I am using Spark 2 and Scala 2.11 in a Zeppelin 0.7 notebook. I have a dataframe that I can print like this:

dfLemma.select("text", "lemma").show(20,false)

and the output looks like:

|text                                                                                                                       |lemma                                                                                                                                                                  |
|RT @Dope_Promo: When you and your crew beat your high scores on FUGLY FROG 😍🔥 https://time.com/Sxp3Onz1w8                    |[rt, @dope_promo, :, when, you, and, you, crew, beat, you, high, score, on, FUGLY, FROG, https://time.com/sxp3onz1w8]                                                      |
|RT @axolROSE: Did yall just call Kermit the frog a lizard?  https://time.com/wDAEAEr1Ay                                        |[rt, @axolrose, :, do, yall, just, call, Kermit, the, frog, a, lizard, ?, https://time.com/wdaeaer1ay]                                                                     |

I am trying to make the output nicer in Zeppelin, by:

val printcols= dfLemma.select("text", "lemma")
println("%table " + printcols)

which gives this output:

printcols: org.apache.spark.sql.DataFrame = [text: string, lemma: array<string>]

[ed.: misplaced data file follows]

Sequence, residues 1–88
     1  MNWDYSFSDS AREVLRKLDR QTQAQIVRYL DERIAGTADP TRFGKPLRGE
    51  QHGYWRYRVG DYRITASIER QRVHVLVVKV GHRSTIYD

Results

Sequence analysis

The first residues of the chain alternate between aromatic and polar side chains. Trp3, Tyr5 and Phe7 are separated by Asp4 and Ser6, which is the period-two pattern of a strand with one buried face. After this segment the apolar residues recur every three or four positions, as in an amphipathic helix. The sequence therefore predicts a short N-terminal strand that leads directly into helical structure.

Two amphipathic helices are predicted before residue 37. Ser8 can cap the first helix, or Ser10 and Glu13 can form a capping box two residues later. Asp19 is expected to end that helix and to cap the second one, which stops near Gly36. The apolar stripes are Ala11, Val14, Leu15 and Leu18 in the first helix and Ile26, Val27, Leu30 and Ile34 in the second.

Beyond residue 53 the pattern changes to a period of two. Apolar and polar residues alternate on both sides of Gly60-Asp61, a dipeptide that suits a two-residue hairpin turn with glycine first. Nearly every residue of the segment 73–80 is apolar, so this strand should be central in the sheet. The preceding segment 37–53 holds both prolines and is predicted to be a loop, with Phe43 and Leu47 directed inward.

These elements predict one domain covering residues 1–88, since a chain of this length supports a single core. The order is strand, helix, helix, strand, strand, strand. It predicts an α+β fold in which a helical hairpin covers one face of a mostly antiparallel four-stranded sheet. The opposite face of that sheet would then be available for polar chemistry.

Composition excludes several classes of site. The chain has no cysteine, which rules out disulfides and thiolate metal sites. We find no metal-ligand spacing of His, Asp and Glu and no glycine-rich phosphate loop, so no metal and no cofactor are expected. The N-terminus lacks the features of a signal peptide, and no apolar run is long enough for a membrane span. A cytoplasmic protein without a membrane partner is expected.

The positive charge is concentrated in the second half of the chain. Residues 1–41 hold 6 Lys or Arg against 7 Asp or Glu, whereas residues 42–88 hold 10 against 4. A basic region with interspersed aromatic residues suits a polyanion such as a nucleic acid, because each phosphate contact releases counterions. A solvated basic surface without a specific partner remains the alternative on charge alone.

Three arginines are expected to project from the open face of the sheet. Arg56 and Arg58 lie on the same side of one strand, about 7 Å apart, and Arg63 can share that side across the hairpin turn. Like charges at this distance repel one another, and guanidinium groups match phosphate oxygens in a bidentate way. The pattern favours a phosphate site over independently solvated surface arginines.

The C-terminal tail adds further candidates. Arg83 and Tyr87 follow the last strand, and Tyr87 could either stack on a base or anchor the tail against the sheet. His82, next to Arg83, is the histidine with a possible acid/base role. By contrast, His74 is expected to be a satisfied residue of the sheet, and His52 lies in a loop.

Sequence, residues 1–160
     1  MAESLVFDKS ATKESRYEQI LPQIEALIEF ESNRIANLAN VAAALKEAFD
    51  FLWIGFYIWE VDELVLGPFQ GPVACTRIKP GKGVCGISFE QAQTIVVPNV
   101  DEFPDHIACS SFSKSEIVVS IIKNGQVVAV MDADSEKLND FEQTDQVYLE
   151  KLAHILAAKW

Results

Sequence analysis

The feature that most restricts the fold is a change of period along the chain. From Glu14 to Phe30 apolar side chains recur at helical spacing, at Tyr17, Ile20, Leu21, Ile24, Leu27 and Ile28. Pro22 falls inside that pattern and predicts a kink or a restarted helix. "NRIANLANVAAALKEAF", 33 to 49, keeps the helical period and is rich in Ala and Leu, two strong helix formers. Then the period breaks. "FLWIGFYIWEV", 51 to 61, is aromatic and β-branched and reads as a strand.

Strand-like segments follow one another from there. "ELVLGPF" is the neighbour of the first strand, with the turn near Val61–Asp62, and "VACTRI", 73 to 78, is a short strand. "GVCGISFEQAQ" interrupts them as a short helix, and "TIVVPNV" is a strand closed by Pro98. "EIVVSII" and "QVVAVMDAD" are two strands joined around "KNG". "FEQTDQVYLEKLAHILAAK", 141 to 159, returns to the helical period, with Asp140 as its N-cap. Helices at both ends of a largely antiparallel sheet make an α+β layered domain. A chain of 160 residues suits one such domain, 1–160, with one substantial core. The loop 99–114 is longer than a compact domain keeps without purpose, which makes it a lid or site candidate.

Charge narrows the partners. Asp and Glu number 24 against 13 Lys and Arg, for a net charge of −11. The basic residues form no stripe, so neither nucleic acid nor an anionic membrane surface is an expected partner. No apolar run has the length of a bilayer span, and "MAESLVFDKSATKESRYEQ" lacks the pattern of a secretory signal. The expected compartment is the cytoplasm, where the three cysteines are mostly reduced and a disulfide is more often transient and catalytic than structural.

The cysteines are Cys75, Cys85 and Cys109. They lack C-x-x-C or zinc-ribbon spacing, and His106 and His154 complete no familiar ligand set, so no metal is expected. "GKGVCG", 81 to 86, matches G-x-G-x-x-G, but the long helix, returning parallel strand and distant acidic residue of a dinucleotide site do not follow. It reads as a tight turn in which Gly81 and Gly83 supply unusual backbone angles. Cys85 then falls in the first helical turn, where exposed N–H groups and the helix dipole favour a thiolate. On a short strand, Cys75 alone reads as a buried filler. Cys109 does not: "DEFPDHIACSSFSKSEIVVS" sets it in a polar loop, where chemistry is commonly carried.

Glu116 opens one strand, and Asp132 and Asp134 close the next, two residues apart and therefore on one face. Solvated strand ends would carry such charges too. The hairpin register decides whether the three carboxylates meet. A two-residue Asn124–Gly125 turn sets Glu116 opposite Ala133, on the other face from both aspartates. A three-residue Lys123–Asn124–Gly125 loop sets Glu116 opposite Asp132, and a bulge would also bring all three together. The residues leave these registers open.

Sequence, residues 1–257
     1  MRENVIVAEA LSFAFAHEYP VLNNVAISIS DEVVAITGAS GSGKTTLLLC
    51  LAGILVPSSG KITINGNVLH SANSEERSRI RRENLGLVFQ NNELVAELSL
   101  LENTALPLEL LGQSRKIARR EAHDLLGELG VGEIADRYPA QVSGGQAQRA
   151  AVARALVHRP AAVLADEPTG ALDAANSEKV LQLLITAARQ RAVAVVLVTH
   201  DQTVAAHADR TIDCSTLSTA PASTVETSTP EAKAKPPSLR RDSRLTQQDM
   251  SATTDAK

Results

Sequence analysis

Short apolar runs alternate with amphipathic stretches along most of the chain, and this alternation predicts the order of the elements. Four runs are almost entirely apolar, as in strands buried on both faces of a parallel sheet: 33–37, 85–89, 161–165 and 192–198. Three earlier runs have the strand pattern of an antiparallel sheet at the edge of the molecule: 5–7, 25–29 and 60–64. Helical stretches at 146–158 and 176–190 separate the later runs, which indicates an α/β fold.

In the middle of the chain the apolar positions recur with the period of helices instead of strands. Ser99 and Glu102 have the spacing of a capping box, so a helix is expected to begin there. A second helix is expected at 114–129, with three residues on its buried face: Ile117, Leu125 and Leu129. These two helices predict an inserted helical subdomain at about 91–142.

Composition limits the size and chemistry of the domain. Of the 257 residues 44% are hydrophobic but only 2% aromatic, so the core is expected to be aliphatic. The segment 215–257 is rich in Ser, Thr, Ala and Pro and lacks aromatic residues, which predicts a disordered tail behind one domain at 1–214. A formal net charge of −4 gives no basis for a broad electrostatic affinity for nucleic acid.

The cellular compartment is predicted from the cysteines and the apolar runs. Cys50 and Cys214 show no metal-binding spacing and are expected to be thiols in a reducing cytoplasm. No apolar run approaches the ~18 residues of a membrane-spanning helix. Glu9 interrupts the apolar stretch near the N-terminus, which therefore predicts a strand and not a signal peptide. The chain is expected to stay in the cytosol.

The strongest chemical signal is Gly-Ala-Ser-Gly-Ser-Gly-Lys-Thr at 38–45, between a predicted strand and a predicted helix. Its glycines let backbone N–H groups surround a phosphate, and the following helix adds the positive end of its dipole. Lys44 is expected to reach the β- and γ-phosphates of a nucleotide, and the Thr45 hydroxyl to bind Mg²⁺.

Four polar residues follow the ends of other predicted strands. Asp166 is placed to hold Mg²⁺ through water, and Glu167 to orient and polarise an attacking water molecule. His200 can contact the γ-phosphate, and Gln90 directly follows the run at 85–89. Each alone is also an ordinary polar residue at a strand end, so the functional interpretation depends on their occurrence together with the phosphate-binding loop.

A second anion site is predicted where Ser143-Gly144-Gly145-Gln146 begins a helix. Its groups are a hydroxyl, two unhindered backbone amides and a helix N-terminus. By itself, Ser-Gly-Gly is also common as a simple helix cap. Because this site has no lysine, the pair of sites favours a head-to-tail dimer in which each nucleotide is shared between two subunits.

and a new blank Zeppelin paragraph headed

[text: string, lemma: array]

Is there a way of getting the dataframe to show as a nicely formatted table? TIA!


3 Answers 3


In Zeppelin you can use z.show(df) to show a pretty table. Here's an example:

val df = Seq(
  (1,1,1), (2,2,2), (3,3,3)
).toDF("first_column", "second_column", "third_column")


enter image description here

  • Nice. Being unaware of this, I had written my own pretty print function (leveraging %table) for pyspark. I cannot find this anywhere in the documentation, however... Jul 6, 2017 at 11:43
  • 1
    @TwUxTLi51Nus It's true the docs are not very good for this part. You can find some info about the ZeppelinContext here and in the code (here) you can see all available functions. Also, in the notebook you can check using ctrl+space on the z variable. Jul 6, 2017 at 11:55
  • ctrl + space does not work for me, however (in python) dir(z) does. Jul 6, 2017 at 12:11
  • 3
    @schoon you're welcome! You can limit the number of rows with a second parameter: z.show(df, 10) Jul 6, 2017 at 13:02
  • 1
    I always find a more complex way. I did this: z.show(dfLemma.select("racist", "lemma").limit(20)). Will try yours.
    – schoon
    Jul 6, 2017 at 13:36

I know this is an old thread, but just in case it helps...

The below was the only way that I could take show a portion of the df. Trying to add a second parameter to .show() as suggested in the comments is throwing an error.



Adding the following line in your notebook will add a horizontal scroll bar when you use .show() method. It is similar to the jupyter notebook styling trick.

%sh echo "%html <style>.text.plainTextContent {white-space: pre;}<style>"

Something like this: enter image description here

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